CS452 - Real-Time Programming - Winter 2015

Lecture 16 - Trains

Public Service Annoucements

  1. No class on Thursday, 12 February.
  2. Kernel 4 due in class on 23 February.
  3. PDF documents containing mathematics.

The Train Project

The Ultimate Goal

The goal for your final project is to have several trains driving continuously on the track, doing something interesting. "Interesting" is defined to exclude collisions, derailments and deadlock (no trains moving anywhere).

Two milestones

On your way to this goal you must pass two milestones, for each of which you are expected to provide a demo to the instructor and the TAs.

  1. Drive a single train around the track knowing where it is at all times. Knowing where it is includes knowing when it will hit particular sensors, and being able to stop at any given location.
  2. Drive two trains on the track without losing either train, without collisions and without a 200-ton human crane lifting having to lift a train.
These demos are expected to get you doing the things that have to be done for your project in the right order. For example, there's no point in trying to drive two trains at once if you can't keep track of a single train.

Types of Projects

Most projects over the years have fallen into one of two types. But about three years ago a third type emerged, which continues to be rare.

  1. Ordinary train projects. The trains are trains, or close substitutes like busses or taxis, and they do things like moving freight or passengers from one point to another. One recent project had trains that "broke down" on the tracks and had to be brought into a siding to be repaired.
  2. Games played on a graph. Many games are played on a graph; trains move on a graph. Making a game such as Pac-man, played by trains, is another popular project.
  3. Trains that do coordinated stunts. You can devise interesting patterns created by the coordinated motions of trains. Be certain that you discuss such a project with the instructor, because it's easy to make a choice that's impossible, or even worse trivial, to implement.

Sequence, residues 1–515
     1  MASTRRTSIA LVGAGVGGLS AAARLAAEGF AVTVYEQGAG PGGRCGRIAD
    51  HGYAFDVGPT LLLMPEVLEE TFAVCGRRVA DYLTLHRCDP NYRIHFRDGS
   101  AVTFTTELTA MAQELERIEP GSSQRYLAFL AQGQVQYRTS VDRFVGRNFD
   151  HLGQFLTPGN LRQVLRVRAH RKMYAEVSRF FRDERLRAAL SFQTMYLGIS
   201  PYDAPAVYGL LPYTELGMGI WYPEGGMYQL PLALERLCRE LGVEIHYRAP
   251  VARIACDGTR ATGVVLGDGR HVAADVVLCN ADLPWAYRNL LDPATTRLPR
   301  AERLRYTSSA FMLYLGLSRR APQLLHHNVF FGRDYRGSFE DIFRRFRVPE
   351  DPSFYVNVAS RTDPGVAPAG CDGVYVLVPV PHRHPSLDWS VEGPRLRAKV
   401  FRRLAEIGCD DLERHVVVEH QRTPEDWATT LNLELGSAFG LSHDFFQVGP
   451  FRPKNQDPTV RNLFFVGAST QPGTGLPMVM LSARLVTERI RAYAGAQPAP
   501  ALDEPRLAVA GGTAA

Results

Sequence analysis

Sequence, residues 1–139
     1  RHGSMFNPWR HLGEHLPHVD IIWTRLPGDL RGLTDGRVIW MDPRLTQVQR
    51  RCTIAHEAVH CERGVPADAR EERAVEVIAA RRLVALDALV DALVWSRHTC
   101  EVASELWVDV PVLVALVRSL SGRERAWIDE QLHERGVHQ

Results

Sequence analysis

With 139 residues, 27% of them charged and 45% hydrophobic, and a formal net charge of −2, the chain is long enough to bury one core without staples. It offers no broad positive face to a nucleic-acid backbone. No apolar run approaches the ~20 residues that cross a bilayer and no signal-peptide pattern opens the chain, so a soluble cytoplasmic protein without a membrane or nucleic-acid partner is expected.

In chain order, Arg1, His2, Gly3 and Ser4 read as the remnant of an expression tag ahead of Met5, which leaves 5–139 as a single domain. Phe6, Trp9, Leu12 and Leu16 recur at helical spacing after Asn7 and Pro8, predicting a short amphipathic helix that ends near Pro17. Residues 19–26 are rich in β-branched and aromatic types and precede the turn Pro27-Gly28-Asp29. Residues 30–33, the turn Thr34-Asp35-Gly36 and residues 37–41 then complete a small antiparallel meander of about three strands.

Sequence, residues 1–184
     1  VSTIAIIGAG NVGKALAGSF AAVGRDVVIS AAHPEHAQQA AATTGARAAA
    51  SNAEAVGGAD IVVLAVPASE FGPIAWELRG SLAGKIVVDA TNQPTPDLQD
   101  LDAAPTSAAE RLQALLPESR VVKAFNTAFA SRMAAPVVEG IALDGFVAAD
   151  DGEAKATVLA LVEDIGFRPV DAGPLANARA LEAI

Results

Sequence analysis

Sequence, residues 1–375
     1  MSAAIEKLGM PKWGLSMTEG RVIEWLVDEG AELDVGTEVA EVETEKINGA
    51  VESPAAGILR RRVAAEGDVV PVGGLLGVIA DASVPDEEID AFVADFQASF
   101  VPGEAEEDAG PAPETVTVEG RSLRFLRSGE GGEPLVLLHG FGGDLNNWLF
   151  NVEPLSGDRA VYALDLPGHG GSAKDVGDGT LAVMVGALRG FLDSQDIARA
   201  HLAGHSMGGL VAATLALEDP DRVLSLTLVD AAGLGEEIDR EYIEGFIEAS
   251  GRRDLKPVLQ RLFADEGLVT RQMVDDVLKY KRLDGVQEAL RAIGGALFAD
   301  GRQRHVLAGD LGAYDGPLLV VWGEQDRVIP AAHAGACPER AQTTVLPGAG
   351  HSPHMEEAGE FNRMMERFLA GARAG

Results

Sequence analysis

4. And, of course, anything a train can do, such as this is interesting if you can recreate it in the trains lab.


Note on precision

We are going to be doing arithmetic. Should we do it in fixed point or floating point, with all the inconvenience of increased state to save, not to mention compiler incompatibilities?

The biggest fixed point number is 2^31. How big is this? 2^10 = 10^3 = 1000, 2^30 = 10^9 = 1 000 000 000, 2^31 = 2 000 000 000.

Suppose that the smallest distance you care about is 0.1 mm. 2 10^9 of them is 200 000 metres or 200 Km, twice the distance to Toronto. At 50 cm/sec, about as fast as a train can go, a train travels about 3 m per minute and 180 m per hour. It will take about 1000 hours (40 days) to go 200 Km.

Just for Fun. Suppose we had 64 bit words. 2^63 = 8 000 000 000 000 000 000 = 8 x 10^18. If the precision you require is 1 mm, 2^61 = 80 000 000 000 000 000 = 8 x 10^15 metres. A light year is 9 x 10^15 m, so you can travel a light year and be off by only 1 mm.


Train Properties

A locomotive travels on the track at a given speed following the path created by directions of turn outs.

How do you know where the locomotive is?

Note. I try to be consistent in distinguishing between two closely related concepts: speed and velocity.

Velocity is controlled by changing the train's speed, BUT, the mapping between speed and velocity is complex.

Important. Some of these effects matter; some don't. It's part of your task to find out which effects matter and which don't. (If you don't figure out which is which you will spend an unlimited amount of time.)

Furthermore, things can go wrong, such as

Avoiding such failures, or responding sensibly to them, is possible only if you have a `good enough' velocity calibration. (You get a perfect calibration only in the limit t->infinity, and the train you are calibrating falls over dead long before that.)

Such failures like these also pollute your attempt to acquire reliable data for your calibration.


Return to: